Two controversial items did not receive support from the commission. First, in the face of strong opposition from commands, amalgamation would be divisive. Secondly even though moving dominion conventions to a three-year cycle would save a considerable amount of money, savings should not be the only consideration. Disadvantages include the long wait for approval of resolutions, longer waits for running for office and officer burnout, among others.
The commission was unable to complete all the work requested of it, but an approval to fund further work was shelved until after convention decides whether to follow through on these first recommendations.
“Although some recommendations may sound radical, at this point in the history of the Legion…it is what we need to survive into the future. If we don’t change now there may not be many years left in our future,” said Wessel.
Recruiting and retaining members also permeated the agenda. The subject appeared again and again in command and committee reports.
Newfoundland and Labrador Command reported retaining members is as important as recruiting them. It has investigated putting recruitment brochures in the airplane seat pockets for flights in Canada.
Nova Scotia/Nunavut Command reported it is down 1,315 members, 806 of whom did not renew memberships. The command passed out membership applications and answered questions about the Legion at a Second Career Assistance Network seminar held by the military in the fall.
Quebec Command is promoting a competition among districts for increasing membership, and continues its incentive program. Despite a 90 per cent renewal rate, Saskatchewan Command is down 784 members and has lost five branches; displaced members were salvaged by transfers to neighbouring branches or to the holding branch.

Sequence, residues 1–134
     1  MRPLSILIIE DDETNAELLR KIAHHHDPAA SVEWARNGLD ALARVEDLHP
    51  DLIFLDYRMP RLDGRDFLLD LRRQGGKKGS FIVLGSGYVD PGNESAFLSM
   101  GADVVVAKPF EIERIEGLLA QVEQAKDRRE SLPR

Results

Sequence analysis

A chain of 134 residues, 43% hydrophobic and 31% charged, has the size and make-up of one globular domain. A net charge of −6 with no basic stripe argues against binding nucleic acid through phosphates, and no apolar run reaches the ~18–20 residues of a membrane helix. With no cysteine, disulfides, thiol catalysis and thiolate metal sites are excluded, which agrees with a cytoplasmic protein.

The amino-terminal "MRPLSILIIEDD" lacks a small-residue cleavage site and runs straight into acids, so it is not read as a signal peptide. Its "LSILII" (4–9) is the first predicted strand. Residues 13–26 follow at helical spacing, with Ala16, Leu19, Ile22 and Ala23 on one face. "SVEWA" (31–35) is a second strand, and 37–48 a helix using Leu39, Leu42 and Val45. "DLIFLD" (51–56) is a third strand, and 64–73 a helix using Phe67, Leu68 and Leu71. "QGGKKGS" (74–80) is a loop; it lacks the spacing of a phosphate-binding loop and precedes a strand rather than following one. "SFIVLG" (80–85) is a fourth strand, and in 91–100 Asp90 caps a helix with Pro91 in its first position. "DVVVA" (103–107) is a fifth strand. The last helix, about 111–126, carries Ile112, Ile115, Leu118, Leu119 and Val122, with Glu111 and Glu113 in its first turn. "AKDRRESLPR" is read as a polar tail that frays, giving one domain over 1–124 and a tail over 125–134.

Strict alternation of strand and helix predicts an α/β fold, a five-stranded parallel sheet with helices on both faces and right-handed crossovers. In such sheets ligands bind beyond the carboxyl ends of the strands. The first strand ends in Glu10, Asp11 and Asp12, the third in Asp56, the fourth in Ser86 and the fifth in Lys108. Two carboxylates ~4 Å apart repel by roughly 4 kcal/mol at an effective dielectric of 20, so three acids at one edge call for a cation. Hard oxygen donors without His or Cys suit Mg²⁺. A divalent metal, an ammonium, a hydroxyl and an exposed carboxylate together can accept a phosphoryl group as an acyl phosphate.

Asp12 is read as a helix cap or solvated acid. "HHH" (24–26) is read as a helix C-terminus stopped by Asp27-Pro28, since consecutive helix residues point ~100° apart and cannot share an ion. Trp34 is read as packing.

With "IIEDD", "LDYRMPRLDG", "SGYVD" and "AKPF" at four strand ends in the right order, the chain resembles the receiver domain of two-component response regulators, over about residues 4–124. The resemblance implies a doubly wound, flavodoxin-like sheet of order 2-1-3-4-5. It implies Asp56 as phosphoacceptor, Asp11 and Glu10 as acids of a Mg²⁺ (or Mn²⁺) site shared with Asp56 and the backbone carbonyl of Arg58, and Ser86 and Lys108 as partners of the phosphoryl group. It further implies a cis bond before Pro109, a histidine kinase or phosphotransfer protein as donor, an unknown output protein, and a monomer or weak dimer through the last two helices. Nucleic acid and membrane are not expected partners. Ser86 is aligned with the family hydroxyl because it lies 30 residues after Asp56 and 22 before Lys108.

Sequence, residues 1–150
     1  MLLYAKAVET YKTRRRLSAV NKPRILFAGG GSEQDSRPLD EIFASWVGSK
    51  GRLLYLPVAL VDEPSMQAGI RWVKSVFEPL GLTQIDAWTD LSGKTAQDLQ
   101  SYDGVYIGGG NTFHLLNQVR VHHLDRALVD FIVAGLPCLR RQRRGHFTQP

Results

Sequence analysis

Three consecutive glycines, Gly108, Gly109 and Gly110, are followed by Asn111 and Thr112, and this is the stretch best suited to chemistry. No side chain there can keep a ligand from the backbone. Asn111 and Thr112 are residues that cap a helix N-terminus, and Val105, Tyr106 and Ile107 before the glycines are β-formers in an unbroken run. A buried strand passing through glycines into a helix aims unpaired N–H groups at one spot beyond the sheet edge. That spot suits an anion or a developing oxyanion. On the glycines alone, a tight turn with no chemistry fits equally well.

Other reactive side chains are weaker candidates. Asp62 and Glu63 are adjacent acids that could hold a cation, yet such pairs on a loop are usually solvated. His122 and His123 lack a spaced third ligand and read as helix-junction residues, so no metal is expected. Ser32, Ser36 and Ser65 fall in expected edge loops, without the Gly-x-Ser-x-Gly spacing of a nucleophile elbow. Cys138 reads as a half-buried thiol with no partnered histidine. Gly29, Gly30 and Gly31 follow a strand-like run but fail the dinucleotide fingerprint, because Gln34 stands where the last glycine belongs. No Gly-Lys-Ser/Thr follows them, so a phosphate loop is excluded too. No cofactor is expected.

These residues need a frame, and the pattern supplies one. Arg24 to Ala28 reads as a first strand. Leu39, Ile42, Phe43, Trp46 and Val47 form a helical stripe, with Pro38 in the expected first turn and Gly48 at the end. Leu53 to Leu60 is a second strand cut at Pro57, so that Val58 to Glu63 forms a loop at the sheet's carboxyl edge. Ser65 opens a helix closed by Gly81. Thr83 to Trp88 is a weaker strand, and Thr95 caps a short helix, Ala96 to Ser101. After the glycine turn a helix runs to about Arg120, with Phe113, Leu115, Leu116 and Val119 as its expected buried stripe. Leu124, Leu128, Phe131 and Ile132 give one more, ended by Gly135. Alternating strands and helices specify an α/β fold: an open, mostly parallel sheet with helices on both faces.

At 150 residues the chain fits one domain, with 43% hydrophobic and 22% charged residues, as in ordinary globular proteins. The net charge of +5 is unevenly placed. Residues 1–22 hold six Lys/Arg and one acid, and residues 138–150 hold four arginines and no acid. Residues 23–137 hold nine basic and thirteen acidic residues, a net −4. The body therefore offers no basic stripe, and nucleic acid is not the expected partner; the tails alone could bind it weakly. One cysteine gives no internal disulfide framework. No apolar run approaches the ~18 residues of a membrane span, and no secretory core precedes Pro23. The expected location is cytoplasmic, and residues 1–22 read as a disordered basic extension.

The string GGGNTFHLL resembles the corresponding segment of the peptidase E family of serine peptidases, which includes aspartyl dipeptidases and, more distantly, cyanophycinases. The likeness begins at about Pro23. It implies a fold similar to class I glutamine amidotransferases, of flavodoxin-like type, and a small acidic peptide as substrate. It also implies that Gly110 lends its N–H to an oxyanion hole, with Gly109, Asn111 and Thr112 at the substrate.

British Columbia/Yukon Command is expanding its member benefits program following success with its benefit partner the British Columbia Automobile Association. The command hopes to boost recruitment with a membership incentive program prize of two airline tickets for North American destinations donated by Fenety Marketing.
Dominion Membership Committee Chairman Erl Kish reported membership stands at 373,367, 96.08 per cent of last year’s total. But the tide has been stemmed a little, with losses slowing to 15,217 members in 2007, compared to 16,884 in 2006. Renewals were up slightly, but at 89.33 per cent, fell just short of the 90-per-cent renewal goal. Alberta/ Northwest Territories Command received the 2007 Renewal Award, and the 2007 Membership Achievement Award, ending the year with 97.71 per cent of their 2006 membership. Saskatchewan won the 2008 Early Bird Award.
Council supported a number of proposals that will be presented to convention—all aimed at boosting membership:
• supporting a pilot project to assemble gift membership packages (brochure, bookmark, flyers, application form, etc.) which members can present as gifts to friends and relatives;
• recognizing accumulated service of lapsed members with proof of previous membership provided upon reinstatement. Currently reinstated members forfeit previous accumulated service;
• amending General By-Laws governing Europe Zone members to allow them to transfer to a branch in Canada with a mandatory change of membership category to affiliate non-voting member;
• continuing negotiations to include membership material in retirement packages of military personnel;
• supporting a revamped Legion Cares program specifically designed for today’s veterans, including a $40,000 advertising campaign in a number of magazines to highlight the role of Legion service officers;
• amending dress regulations to allow veterans to top Legion attire with distinctive headdress associated with their former service, with the reservation that Legion colour party dress remains full Legion dress with Legion beret;
• amending dress regulations to allow members who are current or former armed forces personnel to wear their regimental service blazer badge on the lower right side pocket of their Legion blazer;
• creating a Members-at-Large branch for Canadians who support the Legion and its goals but do not wish to join a branch or participate in branch activities.
DEC also approved continued discussions with other veterans organizations aimed at bringing their memberships into a federation within the structure of The Royal Canadian Legion. Legion House hosted 14 veterans organizations in November to discuss amalgamation options. Dominion Secretary Duane Daly reported delegates at that meeting have taken information back to their own organizations for discussion and decisions. Responses are expected at another meeting scheduled for October.